When I was presented with the opportunity to host a delegation of IYBA members to Cuba, my first thought was: “Wow! I get to see it before it’s over-developed – before it gets the Disney treatment”, as so many have put it. Because travel to Cuba by most U.S. residents was forbidden for so long, it was hard for me not to create a mental picture of a paradise undiscovered. Going there in person, however, showed me that while Cuba is indeed lush, tropical and cultural, it is by no means Shangri-la. And that is why it’s important that we as yachting ambassadors help to manage expectations about Cuba for our clients who wish to go.
Maria Romeu of Cuba VIP Yachts was our very excellent travel concierge, who attended to every detail of our journey. Since our purpose was to preview the marinas and accommodations ahead of the clients, the customized itinerary was specific to things that are important to charter professionals. She arranged marina tours; organized presentations by the marina personnel, and coordinated ground transportation, hotel accommodations, special private tours of hotels and retailers, and other unique requests that invariably pop up from such a large group. Our trip included a tour of two areas of Cuba: Havana and Varadero. These were two completely different experiences; both equally fascinating.
Day 1: Arrive in Havana
• Stroll the area
• Dinner at San Cristobal – This restaurant hosted
President Obama on his visit to Cuba.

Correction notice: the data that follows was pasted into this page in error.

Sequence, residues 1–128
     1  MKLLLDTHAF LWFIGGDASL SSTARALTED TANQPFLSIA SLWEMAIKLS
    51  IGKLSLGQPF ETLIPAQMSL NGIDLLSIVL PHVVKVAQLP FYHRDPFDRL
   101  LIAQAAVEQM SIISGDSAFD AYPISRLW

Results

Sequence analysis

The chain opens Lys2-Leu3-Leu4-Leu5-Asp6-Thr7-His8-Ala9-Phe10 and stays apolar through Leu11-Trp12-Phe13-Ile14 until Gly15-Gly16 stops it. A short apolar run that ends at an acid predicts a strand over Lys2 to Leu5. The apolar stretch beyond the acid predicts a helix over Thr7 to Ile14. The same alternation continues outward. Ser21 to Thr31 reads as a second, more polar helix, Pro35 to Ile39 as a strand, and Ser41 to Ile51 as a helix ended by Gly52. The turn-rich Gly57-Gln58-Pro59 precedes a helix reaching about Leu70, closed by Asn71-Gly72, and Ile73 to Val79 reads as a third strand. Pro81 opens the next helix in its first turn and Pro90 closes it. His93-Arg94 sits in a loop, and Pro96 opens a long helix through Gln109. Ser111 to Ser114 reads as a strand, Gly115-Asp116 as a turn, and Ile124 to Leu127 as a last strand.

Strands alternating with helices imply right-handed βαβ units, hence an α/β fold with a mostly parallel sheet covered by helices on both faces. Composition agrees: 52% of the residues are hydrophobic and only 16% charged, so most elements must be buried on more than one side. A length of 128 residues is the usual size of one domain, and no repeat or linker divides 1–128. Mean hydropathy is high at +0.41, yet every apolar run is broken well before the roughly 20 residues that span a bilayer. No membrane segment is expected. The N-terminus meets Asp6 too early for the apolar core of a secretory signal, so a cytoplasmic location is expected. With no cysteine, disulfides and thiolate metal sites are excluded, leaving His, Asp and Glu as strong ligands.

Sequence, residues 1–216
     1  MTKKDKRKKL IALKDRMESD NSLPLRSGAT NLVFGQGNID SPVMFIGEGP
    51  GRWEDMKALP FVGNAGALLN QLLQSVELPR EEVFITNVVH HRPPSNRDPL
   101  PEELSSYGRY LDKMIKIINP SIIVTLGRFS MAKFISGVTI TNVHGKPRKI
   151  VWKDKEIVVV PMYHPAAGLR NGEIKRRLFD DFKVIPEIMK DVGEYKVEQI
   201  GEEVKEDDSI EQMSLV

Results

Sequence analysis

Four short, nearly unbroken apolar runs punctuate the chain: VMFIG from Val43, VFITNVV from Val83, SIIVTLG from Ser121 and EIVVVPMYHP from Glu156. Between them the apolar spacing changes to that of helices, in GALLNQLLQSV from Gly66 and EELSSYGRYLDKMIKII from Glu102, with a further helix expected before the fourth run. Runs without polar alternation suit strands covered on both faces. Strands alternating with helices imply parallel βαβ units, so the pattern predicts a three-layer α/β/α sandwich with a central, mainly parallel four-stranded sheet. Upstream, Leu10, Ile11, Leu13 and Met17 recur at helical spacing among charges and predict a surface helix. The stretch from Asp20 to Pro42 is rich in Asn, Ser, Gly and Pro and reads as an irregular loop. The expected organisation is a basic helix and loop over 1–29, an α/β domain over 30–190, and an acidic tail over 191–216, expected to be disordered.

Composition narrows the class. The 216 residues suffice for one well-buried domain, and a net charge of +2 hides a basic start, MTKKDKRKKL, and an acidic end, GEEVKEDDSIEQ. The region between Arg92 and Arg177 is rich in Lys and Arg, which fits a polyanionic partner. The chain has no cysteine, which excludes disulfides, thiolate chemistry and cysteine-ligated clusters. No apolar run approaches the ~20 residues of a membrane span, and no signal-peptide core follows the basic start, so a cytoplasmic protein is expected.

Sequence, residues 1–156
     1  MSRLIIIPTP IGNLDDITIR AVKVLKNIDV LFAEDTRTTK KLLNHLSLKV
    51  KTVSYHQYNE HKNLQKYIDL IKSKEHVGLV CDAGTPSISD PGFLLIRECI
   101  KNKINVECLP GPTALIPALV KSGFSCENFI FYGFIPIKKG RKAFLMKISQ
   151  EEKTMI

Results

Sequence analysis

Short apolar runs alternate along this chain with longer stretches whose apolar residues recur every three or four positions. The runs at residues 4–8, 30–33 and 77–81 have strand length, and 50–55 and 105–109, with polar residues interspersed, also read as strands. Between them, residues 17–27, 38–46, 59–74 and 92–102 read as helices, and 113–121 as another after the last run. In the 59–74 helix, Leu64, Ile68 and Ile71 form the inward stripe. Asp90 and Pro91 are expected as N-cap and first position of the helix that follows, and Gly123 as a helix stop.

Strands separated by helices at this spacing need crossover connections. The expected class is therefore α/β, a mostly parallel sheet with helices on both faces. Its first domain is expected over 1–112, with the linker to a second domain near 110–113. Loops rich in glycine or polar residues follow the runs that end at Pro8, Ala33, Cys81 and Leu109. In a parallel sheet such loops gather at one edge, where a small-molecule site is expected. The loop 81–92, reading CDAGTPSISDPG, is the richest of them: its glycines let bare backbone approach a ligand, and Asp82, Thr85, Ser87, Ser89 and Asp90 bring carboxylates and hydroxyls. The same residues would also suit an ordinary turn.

Day 2: Old Havana Four Plazas walking tour
• Lunch at La Guarida
• Tour of Hemingway’s Havana Home
• Tour of Hotel National – Mafia Bar
• Salsa Dancing lessons (optional)
• Dinner on our own
Day 3: Day trip to Veradero
• Lunch at Waco’s Club
• Marina Veradero Visit
• Tour Hotel Xanadu Mansion – formerly the beach house of
Day 4: Classic Car Parade to Marina Hemingway
• Lunch at Rio Mar
• Afternoon on our own
Day 5: Depart for the airport
The capital of Cuba, Havana enjoyed its heyday back in the 1930s and ’40s when the rich and famous came to take part in its famous nightclub scene. Today, this formerly vibrant city is haunted by poverty, and while many of its buildings display beautiful European architectural influences, they look abandoned, unsafe, and in desperate need of a pressure wash.
The Cuban government currently is undertaking a large-scale renovation of Havana, starting first in the historic old city, which dates back to Spanish colonial days. (So far, this massive project has only reached a few peripheral neighborhoods.) The Cuban capitol building, El Capitolio Nacional, is in the midst of renovation with scaffolding covering its dome. The building itself is nearly a twin to our U.S. Capitol Building, except, I was told, the footprint of the Cuban version is one foot wider and one foot longer. Kind of a “one-up” competition by the Cubans.
Directly next door to the capitol is arguably the most beautiful building in Havana, if not in this hemisphere: El Gran Teatro Alica Alonso. Our guide explained that the Cuban government spent many millions renovating its structure, and it now rivals anything you would expect to see in any great European city. This beautiful building now houses the Cuban Ballet and Opera, and is said produce some of the leading ballet dancers around the globe.